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dc.contributor.advisorGingell, Susanen_US
dc.creatorAcoose, Janiceen_US
dc.date.accessioned2006-11-07T11:39:31Zen_US
dc.date.accessioned2013-01-04T05:07:55Z
dc.date.available2006-11-07T08:00:00Zen_US
dc.date.available2013-01-04T05:07:55Z
dc.date.created1992-09en_US
dc.date.issued1992-09-01en_US
dc.date.submittedSeptember 1992en_US
dc.identifier.urihttp://hdl.handle.net/10388/etd-11072006-113931en_US
dc.description.abstractThis thesis works towards deconstructing stereotypical images of Indigenous women that frequent the pages of popular literature. It calls attention to the ideological foundation of Euro-Canadian literature, which is informed by a White-christian-patriarchy. That literature, as an institution of the Euro-Canadian nation, propagates images of Indigenous women as Indian princesses, squaw drudges, suffering helpless victims, tawny temptresses, and loose squaws. Consequently, Euro-Canadian literature imprisons us in images that foster both racist and sexist stereotypes and that encourage violence against us. Margaret Laurence's short story "The Loons" and William Patrick Kinsella's "Linda Star" provide illuminating examples of some of those images. While these writers do not represent all non-Indigenous people who write about Indigenous women, both of these writers are extremely popular Canadian writers whose stories are often read in elementary schools, high schools, and universities. At the centre of this thesis is Maria Campbell's semi-autobiographical Halfbreed. Campbell's Halfbreed significantly challenges Euro-Canadian literature's White-christian-patriarchal ideology by contextualizing the narrative in an Indigenous-gynocratic ideology. Her book destabilized White-Euro-Canadian liberals' complacency when, as an indigenous woman, Campbell named Euro-Canadians oppressors and identified Euro-Canadian power structures that illegally, unjustly, and intolerably imposed on her people's way of life. This thesis concludes that Campbell's Halfbreed encouraged many Indigenous people to appropriate the White-Euro-Canadian colonizer's English language to write ourselves out of oppression by re-claiming our self--which is ideologically rooted in autochthonous and gynocratic cultures.en_US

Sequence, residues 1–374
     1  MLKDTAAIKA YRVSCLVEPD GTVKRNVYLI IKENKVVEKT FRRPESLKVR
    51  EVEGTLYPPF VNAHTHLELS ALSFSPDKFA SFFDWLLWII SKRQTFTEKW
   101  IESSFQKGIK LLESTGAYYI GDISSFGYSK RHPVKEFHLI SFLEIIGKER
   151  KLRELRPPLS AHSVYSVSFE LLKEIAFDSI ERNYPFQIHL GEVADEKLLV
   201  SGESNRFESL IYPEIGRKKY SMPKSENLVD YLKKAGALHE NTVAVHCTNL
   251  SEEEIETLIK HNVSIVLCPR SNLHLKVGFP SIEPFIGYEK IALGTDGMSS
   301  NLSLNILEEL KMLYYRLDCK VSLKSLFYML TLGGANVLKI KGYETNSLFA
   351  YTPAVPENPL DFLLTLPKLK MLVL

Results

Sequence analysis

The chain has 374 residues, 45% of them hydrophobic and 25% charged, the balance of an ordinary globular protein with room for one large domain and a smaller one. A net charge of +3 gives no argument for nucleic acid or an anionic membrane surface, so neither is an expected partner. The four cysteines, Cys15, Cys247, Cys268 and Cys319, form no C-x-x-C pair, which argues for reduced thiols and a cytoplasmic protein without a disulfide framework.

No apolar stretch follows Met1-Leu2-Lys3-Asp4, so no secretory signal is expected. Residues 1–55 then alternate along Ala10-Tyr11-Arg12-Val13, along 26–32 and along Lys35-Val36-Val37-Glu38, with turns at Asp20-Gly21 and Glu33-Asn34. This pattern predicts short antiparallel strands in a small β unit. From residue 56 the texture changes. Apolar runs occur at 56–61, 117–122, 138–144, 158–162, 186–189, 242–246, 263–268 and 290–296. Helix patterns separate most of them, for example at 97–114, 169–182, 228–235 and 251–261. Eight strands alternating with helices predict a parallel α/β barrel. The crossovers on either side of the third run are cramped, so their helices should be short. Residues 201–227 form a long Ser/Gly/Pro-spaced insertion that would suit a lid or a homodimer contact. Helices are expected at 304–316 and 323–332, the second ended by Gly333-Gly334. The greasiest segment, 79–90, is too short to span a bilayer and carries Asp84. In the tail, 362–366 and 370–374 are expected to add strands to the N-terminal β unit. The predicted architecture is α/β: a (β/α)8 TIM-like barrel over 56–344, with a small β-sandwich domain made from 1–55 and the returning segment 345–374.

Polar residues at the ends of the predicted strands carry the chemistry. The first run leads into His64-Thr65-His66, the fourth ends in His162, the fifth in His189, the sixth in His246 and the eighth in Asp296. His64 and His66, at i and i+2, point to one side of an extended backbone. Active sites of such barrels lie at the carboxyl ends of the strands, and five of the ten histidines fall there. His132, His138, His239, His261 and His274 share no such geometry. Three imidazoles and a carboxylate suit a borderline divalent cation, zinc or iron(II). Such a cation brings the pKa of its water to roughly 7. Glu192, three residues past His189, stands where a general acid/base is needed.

dc.language.isoen_USen_US
dc.subjectindigenous womenen_US
dc.subjectnative peoples in popular literatureen_US
dc.subjectstereotypesen_US
dc.titleIskwekwak--Kah' Ki Yaw Ni Wahkomakanak : neither Indian princesses nor squaw drudgesen_US
thesis.degree.departmentEnglishen_US
thesis.degree.disciplineEnglishen_US
thesis.degree.grantorUniversity of Saskatchewanen_US
thesis.degree.levelMastersen_US
thesis.degree.nameMaster of Arts (M.A.)en_US
dc.type.materialtexten_US
dc.type.genreThesisen_US


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